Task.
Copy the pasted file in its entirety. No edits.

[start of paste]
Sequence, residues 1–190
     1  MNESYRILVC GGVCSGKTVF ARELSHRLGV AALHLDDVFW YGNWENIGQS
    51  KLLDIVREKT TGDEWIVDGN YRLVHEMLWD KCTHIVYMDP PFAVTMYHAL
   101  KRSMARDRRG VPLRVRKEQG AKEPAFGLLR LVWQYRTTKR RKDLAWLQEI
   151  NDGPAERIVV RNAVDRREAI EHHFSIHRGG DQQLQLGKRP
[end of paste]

Sequence, residues 1–190
     1  MNESYRILVC GGVCSGKTVF ARELSHRLGV AALHLDDVFW YGNWENIGQS
    51  KLLDIVREKT TGDEWIVDGN YRLVHEMLWD KCTHIVYMDP PFAVTMYHAL
   101  KRSMARDRRG VPLRVRKEQG AKEPAFGLLR LVWQYRTTKR RKDLAWLQEI
   151  NDGPAERIVV RNAVDRREAI EHHFSIHRGG DQQLQLGKRP